Guys, this book has EVERYTHING. Some of the tropes included in this bonanza include (some spoilers):
(view spoiler)[• tiny blond twin switcheroo shenanGuys, this book has EVERYTHING. Some of the tropes included in this bonanza include (some spoilers):
(view spoiler)[• tiny blond twin switcheroo shenanigans, a la Jessica and Elizabeth Wakefield
• kidnapping • looking down on the Irish • dudes fighting • fleeing while in pursuit of the bad guys • bad guys with accents • boat caught in a squall while trying to cross the sea • ...and the inevitable shipwreck • plot convenience/contrivance (Rob and Sarah JUST HAPPEN to crash their boat on the shores of Rob's ancestral home after navigating the Irish sea in a tiny boat) • evil relatives • peer who doesn't want to be a peer • a secret baby • estate planning/living extravagantly despite being broke • a not-quite-marriage of convenience • a pony!
• bad guys show up at worst possible time, but are kind of stupid and easily defeated • rocks fall and everybody dies (if by "everybody" you mean the bad guys) • happy ending! (hide spoiler)]
On the con side: the pacing in this book is very strange, with lots of time spent on the boring estate-related nonsense once Rob takes over his family home, but not much time spent on other things that would have been more interesting/had more emotional resonance.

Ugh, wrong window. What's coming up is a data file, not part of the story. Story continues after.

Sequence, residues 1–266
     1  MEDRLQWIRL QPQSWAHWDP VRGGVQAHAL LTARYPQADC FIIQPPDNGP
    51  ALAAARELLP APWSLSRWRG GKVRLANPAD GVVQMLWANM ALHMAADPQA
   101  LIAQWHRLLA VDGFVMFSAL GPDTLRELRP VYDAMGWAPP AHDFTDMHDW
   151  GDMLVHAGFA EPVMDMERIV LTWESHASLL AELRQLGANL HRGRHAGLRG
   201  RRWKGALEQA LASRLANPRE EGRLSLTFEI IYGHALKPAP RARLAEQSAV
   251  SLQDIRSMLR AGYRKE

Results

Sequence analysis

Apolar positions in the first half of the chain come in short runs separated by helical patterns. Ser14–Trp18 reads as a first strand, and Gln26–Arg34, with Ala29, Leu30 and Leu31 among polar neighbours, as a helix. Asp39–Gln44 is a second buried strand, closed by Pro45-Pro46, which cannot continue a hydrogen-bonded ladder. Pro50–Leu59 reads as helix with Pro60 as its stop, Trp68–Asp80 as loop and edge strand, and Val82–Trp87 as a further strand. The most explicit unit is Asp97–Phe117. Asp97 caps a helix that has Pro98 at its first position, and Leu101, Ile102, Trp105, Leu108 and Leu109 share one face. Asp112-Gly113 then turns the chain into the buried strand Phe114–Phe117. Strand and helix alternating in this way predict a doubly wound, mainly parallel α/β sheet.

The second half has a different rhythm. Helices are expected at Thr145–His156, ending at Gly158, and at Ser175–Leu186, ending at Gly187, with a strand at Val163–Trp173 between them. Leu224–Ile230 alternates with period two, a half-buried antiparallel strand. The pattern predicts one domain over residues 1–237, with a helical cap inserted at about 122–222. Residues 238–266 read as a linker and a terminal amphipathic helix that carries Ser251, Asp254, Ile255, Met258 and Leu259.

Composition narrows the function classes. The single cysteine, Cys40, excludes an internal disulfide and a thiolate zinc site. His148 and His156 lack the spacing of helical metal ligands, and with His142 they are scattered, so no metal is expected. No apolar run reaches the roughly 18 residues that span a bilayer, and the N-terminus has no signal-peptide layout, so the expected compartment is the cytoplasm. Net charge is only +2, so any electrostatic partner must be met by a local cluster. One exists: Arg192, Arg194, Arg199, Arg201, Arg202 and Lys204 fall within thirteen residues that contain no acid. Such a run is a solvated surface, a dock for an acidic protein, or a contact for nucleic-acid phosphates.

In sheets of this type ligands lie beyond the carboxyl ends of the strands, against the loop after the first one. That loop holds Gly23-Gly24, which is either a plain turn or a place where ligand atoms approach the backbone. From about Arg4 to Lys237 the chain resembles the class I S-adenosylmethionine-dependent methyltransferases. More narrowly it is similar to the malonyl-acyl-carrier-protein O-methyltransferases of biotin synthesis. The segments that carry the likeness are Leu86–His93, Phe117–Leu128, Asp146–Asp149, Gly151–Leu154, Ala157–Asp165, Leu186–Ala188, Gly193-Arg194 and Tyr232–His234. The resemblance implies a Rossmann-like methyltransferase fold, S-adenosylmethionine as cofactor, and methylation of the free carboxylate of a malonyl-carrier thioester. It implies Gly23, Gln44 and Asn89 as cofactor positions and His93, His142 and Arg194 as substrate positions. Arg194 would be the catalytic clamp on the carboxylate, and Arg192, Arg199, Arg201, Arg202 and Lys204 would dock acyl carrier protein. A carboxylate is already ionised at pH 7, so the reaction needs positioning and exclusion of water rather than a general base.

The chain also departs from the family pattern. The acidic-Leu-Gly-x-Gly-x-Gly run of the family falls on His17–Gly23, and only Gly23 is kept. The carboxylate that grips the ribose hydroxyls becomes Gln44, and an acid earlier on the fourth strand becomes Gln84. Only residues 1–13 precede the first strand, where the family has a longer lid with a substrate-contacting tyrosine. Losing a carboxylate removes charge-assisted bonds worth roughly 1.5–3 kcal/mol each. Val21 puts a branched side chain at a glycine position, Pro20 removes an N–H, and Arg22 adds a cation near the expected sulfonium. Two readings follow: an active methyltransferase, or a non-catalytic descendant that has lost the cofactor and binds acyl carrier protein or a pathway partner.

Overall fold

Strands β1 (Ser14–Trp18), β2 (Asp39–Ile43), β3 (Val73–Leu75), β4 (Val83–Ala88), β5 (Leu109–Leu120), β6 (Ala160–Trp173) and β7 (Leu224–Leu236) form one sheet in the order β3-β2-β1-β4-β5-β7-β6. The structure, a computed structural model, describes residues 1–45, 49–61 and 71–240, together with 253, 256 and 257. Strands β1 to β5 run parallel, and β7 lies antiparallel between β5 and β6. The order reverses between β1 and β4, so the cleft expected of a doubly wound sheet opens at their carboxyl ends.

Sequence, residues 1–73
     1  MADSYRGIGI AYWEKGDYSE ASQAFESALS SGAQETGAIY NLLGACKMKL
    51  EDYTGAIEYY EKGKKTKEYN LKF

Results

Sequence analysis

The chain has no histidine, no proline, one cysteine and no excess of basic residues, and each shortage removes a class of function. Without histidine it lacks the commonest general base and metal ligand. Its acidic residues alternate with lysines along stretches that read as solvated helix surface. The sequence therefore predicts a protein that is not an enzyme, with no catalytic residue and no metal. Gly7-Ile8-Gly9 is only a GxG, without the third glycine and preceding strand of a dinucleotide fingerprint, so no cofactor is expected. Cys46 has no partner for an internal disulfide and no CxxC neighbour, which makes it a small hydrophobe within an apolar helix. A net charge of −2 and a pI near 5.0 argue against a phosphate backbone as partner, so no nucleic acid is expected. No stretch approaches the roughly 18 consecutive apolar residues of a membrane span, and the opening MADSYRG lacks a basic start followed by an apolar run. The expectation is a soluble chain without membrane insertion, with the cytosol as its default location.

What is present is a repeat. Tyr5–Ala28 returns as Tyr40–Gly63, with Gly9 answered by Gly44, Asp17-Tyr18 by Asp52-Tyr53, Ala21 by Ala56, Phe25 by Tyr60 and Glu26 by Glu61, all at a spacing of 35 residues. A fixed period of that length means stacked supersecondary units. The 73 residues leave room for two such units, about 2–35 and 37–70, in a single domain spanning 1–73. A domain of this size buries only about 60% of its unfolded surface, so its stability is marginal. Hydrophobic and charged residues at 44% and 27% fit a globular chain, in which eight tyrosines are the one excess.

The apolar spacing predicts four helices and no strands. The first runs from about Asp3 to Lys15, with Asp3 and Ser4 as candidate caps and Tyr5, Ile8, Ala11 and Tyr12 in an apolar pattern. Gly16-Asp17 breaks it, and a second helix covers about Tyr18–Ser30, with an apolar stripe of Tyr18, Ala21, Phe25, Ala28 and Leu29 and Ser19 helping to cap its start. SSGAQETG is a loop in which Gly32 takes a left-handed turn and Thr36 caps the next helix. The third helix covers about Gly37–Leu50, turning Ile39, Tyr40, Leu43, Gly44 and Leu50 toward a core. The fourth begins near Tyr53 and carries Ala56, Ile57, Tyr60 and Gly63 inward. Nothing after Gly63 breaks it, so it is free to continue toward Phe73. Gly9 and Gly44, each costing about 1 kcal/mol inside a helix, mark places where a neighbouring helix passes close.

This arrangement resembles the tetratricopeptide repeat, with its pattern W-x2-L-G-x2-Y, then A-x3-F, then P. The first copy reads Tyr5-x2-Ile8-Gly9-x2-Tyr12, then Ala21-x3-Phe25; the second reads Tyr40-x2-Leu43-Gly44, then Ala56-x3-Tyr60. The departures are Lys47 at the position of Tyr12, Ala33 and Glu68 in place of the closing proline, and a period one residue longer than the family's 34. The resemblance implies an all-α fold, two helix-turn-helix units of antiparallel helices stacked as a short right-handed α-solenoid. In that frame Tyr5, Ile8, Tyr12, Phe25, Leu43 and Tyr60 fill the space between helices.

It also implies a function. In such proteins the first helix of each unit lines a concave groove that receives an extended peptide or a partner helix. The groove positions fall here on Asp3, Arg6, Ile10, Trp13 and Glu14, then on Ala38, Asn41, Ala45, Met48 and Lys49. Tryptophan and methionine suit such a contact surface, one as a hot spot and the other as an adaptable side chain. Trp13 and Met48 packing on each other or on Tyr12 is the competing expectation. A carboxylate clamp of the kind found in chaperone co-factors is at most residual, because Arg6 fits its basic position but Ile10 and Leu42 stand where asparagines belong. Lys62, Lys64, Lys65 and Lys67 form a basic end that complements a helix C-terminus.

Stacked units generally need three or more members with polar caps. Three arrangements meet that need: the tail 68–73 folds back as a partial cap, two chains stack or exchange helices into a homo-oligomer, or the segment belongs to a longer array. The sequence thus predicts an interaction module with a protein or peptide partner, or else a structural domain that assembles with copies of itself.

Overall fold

On the plus side: I can't think of another romance plot that unfurled quite this way. Rob and Sarah have adventures and definitely like and respect each other, but when Rob proposes, his reasons for marriage are practical. Sarah goes along because she can't imagine marrying anybody else. There's some hay made about the fact that Sarah and Rob are not in love at their wedding. But it's not really a marriage-of-convenience plot either. Their love grows after the wedding as they spend more time together. So that was interesting and different and probably more in keeping with the time period. (Although these two find PLENTY of ways to flaunt societal convention without consequence otherwise. Not a euphemism!)
So I enjoyed the ride, but this was a strange, crazy book. ["br"]>["br"]>["br"]>["br"]>["br"]>["br"]>["br"]>["br"]>["br"]>["br"]>["br"]>["br"]>["br"]>["br"]>["br"]>["br"]>["br"]>["br"]>["br"]>["br"]>["br"]>["br"]>["br"]>["br"]>["br"]>["br"]>["br"]>["br"]>["br"]>["br"]>["br"]>...more
What a great heroine! A Yankees fan, a Lord of the Rings nerd, a woman with a successful career. She's movedOh, happy sigh. I <3 Kristan Higgins.
What a great heroine! A Yankees fan, a Lord of the Rings nerd, a woman with a successful career. She's moved back to her home town to take a job (and also with the hopes of settling down). What follows is a very funny comedy of errors in which Chastity dates guys, including a sexy doctor, while still being in love with her childhood friend/crush and brief college affair Trevor, and though you know Chastity and Trevor will end up together, the book doesn't follow the standard romance novel narrative, so it's not predictable. There are actually a few story lines that didn't turn out how I expected them to.
But I'm a sucker for a friends-to-lovers plot and I like to laugh, so this book was right up my alley, basically.